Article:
Friday, August 11, 2017

Prevention as an Ounce of Cure

Here's an update on what I've learned about lymphedema after an ALND. It's way less scary now that I know how to manage it, but it's still a drag. It takes about an hour away from me every day. I'm just in the earliest stages, and it possible to stay here forever, but not without a bit of effort - something breast cancer surgeons should make sure patients understand. It's all about retraining the lymph flow to take a different path through the body. Lymph nodes collect and clean out toxins (infection, etc.) from segments of the body. The body's divided into 'watersheds' which all get sucked to the closest lymph nodes, but, with some missing, some areas have to be redirected. Here's what's working for me right now, and what I wished I had known straight out of the hospital - just ten things!:

Daily prevention and maintenance...
1. Twenty minutes a day of self-massage gets the system working especially mixed with some deep breathing. I do this when I first wake up and directly following any exercise or significant movement. Here's another great video of doing the self-massage.
2. Stretch out the arm for a good ten minutes daily. I was doing about a minute, which isn't enough.
3. Exercise: stretching, tai chi-like exercises, and rebounding (jumping on a mini trampoline) 10 minutes/day and specific neck and arm routines (Joachim Zuther is the best!) can help motivate the lymphatic system, and swimming is great because the limb is surrounded by water pressure. Weight lifting is encouraged, but work up gradually (unless you have a trip planned).
4. Maintain weight through portion control. Excess weight is the number one factor in getting to higher stages of lymphedema.
5. Leukotape K / Kinesiology Tape on the areas likely to swell helps - running from the swelling to just outside the watershed area - worn four days on and one day off. I make the days ending with 0 and 5 my off days. See how to use it here. All products (in Canada) are eligible for funding of 75% off, so get that form from your doctor right away. You need a new form every two years.
6. A compression sleeve and gauntlet can be worn just during exercise and during and after air travel, unless a major flare up occurs (significant swelling over 2 cm). Wash it daily and buy a new one every 4-6 months (so get that form!).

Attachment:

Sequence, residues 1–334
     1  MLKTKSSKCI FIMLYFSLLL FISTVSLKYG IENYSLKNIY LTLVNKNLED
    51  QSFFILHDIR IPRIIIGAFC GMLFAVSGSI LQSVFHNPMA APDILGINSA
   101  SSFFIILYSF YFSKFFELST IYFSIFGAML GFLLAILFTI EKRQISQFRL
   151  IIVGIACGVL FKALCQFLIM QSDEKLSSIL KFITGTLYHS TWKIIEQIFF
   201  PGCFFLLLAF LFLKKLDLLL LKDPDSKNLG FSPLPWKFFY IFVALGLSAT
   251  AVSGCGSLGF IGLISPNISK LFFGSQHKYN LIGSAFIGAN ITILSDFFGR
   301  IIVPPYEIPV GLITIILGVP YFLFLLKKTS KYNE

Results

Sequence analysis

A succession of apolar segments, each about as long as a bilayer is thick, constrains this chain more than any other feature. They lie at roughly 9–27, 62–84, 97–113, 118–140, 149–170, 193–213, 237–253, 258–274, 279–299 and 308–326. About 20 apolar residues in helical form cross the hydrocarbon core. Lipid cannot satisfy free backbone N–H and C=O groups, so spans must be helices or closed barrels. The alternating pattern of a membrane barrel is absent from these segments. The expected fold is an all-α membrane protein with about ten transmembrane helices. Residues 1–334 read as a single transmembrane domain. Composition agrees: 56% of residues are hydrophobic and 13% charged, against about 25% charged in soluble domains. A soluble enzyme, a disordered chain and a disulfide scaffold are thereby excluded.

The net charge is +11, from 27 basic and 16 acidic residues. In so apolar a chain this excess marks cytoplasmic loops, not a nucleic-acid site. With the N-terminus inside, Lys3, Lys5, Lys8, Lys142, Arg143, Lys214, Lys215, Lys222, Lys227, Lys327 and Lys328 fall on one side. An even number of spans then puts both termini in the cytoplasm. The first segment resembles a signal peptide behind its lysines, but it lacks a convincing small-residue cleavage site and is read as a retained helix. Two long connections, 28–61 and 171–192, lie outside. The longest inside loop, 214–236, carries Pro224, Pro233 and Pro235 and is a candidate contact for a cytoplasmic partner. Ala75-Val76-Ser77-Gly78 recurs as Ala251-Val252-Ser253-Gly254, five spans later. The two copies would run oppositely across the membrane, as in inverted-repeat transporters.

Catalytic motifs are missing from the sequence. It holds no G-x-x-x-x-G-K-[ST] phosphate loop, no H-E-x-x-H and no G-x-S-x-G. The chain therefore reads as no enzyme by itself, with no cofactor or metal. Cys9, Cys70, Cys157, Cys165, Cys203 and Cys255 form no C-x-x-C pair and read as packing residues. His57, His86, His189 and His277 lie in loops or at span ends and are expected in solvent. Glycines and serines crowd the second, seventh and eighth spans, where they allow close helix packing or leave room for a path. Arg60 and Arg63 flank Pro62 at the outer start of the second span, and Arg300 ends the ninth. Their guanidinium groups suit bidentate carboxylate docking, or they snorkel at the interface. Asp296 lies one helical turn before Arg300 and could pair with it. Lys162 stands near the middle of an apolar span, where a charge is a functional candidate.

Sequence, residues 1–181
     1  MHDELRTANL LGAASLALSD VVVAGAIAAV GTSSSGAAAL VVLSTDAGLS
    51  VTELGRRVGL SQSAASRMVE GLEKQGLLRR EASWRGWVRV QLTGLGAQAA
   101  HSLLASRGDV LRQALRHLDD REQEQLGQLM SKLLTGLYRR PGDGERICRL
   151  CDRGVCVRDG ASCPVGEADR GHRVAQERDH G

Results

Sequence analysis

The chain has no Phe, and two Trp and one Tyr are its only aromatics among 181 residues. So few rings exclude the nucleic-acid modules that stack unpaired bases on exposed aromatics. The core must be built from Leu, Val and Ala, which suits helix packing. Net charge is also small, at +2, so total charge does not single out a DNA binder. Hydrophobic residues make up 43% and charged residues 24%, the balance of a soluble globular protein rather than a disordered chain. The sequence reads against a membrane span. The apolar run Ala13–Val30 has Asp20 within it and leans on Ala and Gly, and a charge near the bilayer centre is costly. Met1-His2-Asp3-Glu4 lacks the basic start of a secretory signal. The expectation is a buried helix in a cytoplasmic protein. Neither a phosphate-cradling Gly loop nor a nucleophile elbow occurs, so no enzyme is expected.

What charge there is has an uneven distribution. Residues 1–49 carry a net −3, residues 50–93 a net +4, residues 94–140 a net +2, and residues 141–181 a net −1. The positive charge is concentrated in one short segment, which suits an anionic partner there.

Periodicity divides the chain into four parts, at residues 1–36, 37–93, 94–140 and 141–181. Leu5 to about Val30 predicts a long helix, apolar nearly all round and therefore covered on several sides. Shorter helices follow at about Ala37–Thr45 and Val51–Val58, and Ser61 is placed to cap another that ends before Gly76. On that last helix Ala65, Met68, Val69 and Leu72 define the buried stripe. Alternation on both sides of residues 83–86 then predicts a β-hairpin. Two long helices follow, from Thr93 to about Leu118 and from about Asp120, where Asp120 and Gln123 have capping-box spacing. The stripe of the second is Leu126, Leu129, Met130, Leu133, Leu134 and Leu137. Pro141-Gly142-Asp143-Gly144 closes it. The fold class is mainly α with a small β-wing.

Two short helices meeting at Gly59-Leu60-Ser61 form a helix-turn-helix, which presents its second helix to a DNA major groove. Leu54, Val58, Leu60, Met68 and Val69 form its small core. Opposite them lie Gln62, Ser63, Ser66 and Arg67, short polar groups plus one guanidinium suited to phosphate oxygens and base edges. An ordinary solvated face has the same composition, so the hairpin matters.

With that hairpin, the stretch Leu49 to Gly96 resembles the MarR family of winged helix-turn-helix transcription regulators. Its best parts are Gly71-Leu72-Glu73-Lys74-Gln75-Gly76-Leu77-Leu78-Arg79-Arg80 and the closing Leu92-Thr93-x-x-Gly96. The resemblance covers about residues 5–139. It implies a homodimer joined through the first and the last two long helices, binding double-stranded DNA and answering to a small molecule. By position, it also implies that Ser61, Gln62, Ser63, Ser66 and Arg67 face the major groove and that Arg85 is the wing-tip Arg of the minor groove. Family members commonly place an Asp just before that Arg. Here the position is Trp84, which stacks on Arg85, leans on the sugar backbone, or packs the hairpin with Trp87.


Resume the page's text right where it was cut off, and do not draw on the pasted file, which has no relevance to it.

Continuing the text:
7. Stay hydrated: drink more water and eat less salt. (Reduce alcohol and drink lots of water with it.)
8. Stay well moisturized so skin doesn't crack. Wear gloves for dishes so hands don't dry out.
9. Avoid any skin punctures: cuts, burns, hangnails, splinters, blisters, scratches, needles, pin pricks, or bug bites. Wear gloves for gardening, cycling, DIY construction, and in the kitchen. If you do get a cut, clean it well and cover it with polysporin and a bandaid. And avoid any compression that could restrict the flow of lymph like from blood pressure sleeves, carrying a heavy bag on that shoulder, tight clothes, or even deep massage.
10. Elevate the area for a good hour or so each day. I try to go to sleep with my arm propped up on pillows and just hope I stay that way for long enough before rolling over.

Something else I advise BEFORE getting any treatment is to measure both arms, and then start measuring weekly afterwards to monitor any change before it creeps up on you - six points: hand, wrist, 5cm down from the elbow crease, elbow, 5cm up from the elbow crease, and armpit. OR you can skip the measuring tape and just make your own volumeter. I didn't measure before, and the fact that my left bicep is a bit bigger than my right has everyone convinced I'm swelling up despite the fact that I carry everything heavy in my left arm to leave my dominant hand free for fine motor work like fitting a key in my front door. I really wished I had prior measurements to reassure my medical team.

Then keep an eye out for...
* Inflammation or any swelling requires extra drainage attention to direct it to the right path.
* A flare up (significant swelling) requires an OT treatment and training in bandaging until swelling reduces enough for a sleeve. A sleeve is then necessary during most waking hours or at least 12 hours each day.
* Any sign of infection requires immediate antibiotics. If you're travelling, get a prescription filled before leaving just in case.

Boho Spirit from Juzo

But it's all a bit of a crap shoot: